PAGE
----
Five summer assignments for yearbook photographers

Here are five suggestions on how to work on being a better yearbook photographer over the summer break.

Photo by Payton Gaddy

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June 4, 2009 / Consider This

Give a well-organized, enthusiastic, go-getter type the responsibility of advising the yearbook and she still may be reduced to a sniveling, jumbled-mumbling zombie by the second deadline (it is impossible to remember first deadlines – too hideous). What is it about yearbook deadlines that makes them so elusive many schools admit missing some, most or even all of them during the year?

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May 13, 2009 / Photo Quest / Photography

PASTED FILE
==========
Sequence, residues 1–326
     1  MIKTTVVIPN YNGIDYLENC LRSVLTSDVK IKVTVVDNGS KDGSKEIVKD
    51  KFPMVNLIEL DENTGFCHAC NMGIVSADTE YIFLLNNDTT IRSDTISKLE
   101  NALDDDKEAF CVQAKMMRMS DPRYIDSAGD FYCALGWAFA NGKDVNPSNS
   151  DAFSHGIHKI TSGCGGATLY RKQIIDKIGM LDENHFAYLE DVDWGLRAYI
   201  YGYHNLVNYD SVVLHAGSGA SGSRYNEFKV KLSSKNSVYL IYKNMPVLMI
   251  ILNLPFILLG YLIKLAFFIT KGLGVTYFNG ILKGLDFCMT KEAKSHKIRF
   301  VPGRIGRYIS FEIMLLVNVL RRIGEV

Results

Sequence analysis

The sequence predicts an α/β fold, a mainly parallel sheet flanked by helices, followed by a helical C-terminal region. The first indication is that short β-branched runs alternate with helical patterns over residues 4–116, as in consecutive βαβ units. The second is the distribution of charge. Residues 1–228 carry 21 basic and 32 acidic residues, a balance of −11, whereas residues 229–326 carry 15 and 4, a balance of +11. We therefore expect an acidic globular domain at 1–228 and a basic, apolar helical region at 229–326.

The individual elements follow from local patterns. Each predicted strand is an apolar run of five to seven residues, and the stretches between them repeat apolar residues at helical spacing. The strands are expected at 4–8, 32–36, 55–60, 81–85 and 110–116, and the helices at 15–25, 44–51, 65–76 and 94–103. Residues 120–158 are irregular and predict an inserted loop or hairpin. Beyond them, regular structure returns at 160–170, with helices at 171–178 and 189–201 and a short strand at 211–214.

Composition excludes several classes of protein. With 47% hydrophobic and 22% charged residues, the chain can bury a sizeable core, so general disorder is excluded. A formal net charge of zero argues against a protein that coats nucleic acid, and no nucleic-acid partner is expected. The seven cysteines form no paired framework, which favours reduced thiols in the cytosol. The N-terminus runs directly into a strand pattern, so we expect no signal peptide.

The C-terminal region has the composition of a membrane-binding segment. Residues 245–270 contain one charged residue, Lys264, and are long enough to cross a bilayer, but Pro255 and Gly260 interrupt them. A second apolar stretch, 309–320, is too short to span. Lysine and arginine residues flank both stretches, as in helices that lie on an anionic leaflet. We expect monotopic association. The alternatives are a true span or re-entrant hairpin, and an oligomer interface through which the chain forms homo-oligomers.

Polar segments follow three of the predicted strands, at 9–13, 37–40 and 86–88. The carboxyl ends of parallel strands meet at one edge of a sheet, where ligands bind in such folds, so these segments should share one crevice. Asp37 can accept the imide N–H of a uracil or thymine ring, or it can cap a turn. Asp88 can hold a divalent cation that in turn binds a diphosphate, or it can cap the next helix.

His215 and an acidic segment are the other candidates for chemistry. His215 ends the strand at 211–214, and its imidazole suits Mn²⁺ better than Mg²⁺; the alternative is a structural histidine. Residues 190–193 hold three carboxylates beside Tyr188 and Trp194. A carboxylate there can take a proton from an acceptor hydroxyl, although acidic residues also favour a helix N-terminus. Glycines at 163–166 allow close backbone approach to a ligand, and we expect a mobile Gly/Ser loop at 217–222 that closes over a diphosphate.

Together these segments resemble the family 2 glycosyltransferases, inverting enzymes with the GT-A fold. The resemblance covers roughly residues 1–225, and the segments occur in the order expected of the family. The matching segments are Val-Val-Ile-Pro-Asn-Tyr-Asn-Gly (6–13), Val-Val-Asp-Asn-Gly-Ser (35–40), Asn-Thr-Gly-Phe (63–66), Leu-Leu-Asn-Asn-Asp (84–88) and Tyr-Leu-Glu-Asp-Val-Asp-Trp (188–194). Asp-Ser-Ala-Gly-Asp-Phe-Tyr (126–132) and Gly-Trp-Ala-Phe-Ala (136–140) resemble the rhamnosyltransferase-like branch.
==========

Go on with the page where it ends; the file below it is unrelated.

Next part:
A thinking photographer gets more out of each sports shooting experience.

Of all the equipment a shooter takes to a sports event, perhaps the most important and least regarded is that equipment located just above the shoulders. A thinking photographer will bring back better images – maybe even stunning images – from any sports shooting experience. A photographer whose head is in the game will be a real asset to his or her yearbook staff. Here are a few examples of some sports where a little planning and a little thinking go a long way toward capturing nice images.

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Yearbook advisers must be inventive. The following six tips might help you be more organized, save some time and even help handle a few of life’s little inconveniences.

It usually does not take long for people in stressful jobs, such as parents, to start analyzing repetitive or tedious tasks to try to figure out a better way to do things.

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